How RFID can help optimise supply chain management (page 1 of 3)
- Sunday, August 21 - 2005 at 09:29
Squeezing cost and inefficiency out of the supply chain has been one of the recurring mantras of the industrialised world for the past 50 years.
The journey towards perfection, however, never ends. In the very near future, the adoption of sensor-based Radio Frequency Identification (RFID) technology will allow the creation of the real-time, sensor-connected manufacturing plant. By adding RFID tags to every product, tool, resource and item of materials handling equipment, manufacturers will be able to get better demand signals from customers and the market.
At its core, RFID is simply an enabling technology that has the potential of helping retailers provide the right product at the right place at the right time, thus maximising sales and profits. RFID provides the technology to identify uniquely each container, pallet, case and item being manufactured, shipped and sold, thus providing the building blocks for increased visibility throughout the supply chain.
The technology will bring benefits to a wide range of industries, as we shall see, but one of the main drivers of RFID adoption has been the retail sector, led by Wal-Mart in the US. Phillip J. Windley, an Associate Professor of Computer Science at Brigham Young University, estimates that US retail giant Wal-Mart alone could save $8.35 billion annually with RFID - that's more than the total revenue of half the companies in the Fortune 500.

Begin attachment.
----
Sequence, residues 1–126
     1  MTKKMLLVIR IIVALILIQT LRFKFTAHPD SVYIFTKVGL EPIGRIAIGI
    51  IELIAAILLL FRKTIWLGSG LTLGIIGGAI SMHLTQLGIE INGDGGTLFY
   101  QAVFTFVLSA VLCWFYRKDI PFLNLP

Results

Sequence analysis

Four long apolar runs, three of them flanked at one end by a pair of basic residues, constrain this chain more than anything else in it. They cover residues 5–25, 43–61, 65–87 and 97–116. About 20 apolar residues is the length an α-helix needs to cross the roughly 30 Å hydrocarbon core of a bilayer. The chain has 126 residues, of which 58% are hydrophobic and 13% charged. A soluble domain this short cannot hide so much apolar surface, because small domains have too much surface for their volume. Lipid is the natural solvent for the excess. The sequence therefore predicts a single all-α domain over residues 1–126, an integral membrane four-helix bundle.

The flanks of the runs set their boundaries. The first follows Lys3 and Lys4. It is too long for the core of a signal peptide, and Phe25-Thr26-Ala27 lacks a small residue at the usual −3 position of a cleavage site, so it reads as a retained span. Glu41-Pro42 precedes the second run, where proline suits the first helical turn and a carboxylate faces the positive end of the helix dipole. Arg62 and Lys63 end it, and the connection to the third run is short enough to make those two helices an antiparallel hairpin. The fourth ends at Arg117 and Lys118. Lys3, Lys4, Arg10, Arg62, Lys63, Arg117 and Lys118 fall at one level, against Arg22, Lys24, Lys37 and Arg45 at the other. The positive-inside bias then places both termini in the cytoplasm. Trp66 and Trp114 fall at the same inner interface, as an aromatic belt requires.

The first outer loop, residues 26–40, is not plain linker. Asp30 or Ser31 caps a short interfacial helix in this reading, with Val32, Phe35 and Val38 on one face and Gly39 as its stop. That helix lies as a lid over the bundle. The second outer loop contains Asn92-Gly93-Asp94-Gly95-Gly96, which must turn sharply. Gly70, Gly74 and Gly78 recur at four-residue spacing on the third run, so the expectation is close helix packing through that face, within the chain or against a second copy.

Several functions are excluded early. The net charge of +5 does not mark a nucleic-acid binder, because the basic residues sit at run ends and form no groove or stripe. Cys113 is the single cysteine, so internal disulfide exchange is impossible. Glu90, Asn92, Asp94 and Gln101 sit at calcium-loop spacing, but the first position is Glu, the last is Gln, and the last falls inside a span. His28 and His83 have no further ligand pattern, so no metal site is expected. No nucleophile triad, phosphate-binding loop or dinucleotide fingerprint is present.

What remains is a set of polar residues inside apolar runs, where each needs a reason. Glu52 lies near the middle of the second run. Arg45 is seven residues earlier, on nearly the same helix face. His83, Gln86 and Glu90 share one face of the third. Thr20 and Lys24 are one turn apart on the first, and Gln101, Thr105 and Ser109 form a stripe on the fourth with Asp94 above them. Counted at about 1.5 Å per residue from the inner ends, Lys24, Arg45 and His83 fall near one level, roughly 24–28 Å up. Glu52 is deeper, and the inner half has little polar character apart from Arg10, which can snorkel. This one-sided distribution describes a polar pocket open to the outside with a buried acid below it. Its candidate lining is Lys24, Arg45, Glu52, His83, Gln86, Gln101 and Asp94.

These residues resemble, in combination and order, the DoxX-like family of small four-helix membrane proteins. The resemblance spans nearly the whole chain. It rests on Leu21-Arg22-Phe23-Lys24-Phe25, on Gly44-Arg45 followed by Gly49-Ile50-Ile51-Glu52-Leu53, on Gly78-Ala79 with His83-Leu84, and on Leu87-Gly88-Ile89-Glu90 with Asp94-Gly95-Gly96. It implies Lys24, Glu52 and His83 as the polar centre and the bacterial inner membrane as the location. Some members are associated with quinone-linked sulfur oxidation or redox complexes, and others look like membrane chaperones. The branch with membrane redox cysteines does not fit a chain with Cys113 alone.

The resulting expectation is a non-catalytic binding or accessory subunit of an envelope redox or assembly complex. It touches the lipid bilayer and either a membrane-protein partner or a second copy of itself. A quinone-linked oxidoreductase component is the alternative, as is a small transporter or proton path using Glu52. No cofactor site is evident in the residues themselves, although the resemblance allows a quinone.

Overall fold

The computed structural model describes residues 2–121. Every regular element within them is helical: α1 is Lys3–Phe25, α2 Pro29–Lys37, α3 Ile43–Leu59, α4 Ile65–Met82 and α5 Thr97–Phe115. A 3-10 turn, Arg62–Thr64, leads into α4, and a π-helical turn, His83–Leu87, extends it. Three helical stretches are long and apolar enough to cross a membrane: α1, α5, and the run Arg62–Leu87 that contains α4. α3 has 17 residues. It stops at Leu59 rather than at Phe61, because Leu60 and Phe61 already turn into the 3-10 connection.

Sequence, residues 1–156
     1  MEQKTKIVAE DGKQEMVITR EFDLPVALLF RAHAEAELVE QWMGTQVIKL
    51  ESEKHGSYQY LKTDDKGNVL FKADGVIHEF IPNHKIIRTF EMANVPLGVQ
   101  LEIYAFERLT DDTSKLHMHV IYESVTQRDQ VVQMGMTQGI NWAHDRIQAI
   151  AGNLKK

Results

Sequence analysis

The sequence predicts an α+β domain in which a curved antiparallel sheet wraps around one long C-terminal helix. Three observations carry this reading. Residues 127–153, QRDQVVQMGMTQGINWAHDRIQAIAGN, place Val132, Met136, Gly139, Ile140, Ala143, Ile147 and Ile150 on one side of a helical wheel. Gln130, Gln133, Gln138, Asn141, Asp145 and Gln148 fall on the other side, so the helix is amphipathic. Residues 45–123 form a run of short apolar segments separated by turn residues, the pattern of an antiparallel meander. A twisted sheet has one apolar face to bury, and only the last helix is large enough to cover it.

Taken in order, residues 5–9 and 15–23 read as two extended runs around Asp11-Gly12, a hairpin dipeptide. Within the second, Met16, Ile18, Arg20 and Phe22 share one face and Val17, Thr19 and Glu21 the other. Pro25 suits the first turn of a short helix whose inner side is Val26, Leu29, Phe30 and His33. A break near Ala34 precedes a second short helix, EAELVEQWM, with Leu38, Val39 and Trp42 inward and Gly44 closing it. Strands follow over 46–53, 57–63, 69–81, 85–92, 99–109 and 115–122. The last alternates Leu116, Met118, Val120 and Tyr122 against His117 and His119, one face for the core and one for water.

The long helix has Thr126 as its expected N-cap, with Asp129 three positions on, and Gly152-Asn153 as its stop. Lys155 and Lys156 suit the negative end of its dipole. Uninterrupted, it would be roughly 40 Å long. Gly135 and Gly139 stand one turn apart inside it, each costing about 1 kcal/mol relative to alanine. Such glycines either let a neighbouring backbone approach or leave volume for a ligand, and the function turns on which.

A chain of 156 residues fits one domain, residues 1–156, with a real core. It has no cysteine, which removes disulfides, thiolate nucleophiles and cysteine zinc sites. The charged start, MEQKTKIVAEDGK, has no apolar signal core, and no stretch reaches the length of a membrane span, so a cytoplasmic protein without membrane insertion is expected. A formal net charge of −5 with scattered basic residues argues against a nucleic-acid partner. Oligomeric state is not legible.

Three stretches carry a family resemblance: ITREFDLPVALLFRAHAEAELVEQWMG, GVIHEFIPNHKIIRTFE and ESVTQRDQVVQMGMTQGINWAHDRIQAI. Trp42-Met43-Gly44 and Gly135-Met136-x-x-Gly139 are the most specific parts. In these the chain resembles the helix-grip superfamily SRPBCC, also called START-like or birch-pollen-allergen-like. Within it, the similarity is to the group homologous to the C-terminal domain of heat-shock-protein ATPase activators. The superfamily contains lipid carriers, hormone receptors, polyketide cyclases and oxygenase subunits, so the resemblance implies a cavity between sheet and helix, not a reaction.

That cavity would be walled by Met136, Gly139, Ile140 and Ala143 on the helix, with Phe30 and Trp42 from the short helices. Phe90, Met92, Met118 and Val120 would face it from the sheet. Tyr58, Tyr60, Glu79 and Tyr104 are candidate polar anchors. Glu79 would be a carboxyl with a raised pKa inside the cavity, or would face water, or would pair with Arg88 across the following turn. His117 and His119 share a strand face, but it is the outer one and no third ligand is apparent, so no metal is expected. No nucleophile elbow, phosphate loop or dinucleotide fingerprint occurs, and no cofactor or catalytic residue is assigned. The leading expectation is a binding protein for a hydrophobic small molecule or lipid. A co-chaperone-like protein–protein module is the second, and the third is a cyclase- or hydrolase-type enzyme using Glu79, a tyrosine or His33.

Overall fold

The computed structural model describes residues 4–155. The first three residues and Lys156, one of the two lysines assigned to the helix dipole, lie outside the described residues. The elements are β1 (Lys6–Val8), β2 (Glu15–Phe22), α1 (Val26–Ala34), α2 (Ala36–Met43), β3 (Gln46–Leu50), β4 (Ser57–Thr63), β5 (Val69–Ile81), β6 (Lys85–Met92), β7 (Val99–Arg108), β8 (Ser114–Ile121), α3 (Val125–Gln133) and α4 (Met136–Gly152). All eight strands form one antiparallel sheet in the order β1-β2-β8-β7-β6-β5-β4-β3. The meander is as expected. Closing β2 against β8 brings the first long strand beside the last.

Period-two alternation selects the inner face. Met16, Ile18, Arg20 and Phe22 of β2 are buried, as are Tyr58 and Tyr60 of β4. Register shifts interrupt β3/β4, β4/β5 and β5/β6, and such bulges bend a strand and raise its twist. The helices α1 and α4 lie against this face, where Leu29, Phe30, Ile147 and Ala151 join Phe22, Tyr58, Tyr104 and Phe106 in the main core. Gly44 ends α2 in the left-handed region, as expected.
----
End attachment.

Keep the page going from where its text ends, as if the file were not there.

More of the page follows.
His massive total is made up as follows: $600 million through avoiding stock-outs; $575 million by avoiding theft, error and vendor fraud; $300 million through better tracking of a billion pallets and cases; $180 million through reduced inventory; and a huge $6.7 billion by eliminating the need to have people scan barcodes in the supply chain and in-store. Small wonder, then, that Wal-Mart is investing $3 billion in RFID over several years and is one of the leading proponents of RFID implementation.
RFID is a system of small electronic tags (comprising a tiny chip plus an antenna) that transmit data via a radio signal to RFID readers and related hardware and software infrastructure. The transmitters can be placed anywhere that tracking the movement of goods adds value to the commercial process: on containers, pallets, materials handling equipment, cases or even on individual products.
The information on tags is read when they pass by an RFID reader, and that movement is captured and managed by the infrastructure. In this way, organisations are able to link the physical world to the digital world without any human interaction. Whatever actions are then triggered depends on the individual application, from basic stock replenishment at one end of the spectrum to facilitating the ultimate lean supply chain at the other.
RFID promises to revolutionise supply chains and usher in a new era of cost savings, efficiency and business intelligence. The potential applications are vast as it is relevant to any organisation engaged in the production, movement or sale of physical goods. This includes retailers, distributors, logistics service providers, manufacturers and their entire supplier base, hospitals and pharmaceuticals companies, and the entire food chain.
It has the potential to improve efficiency and visibility, cut costs, deliver better asset utilisation, produce higher quality goods, reduce shrinkage and counterfeiting, and increase sales by reducing out-of-stocks.
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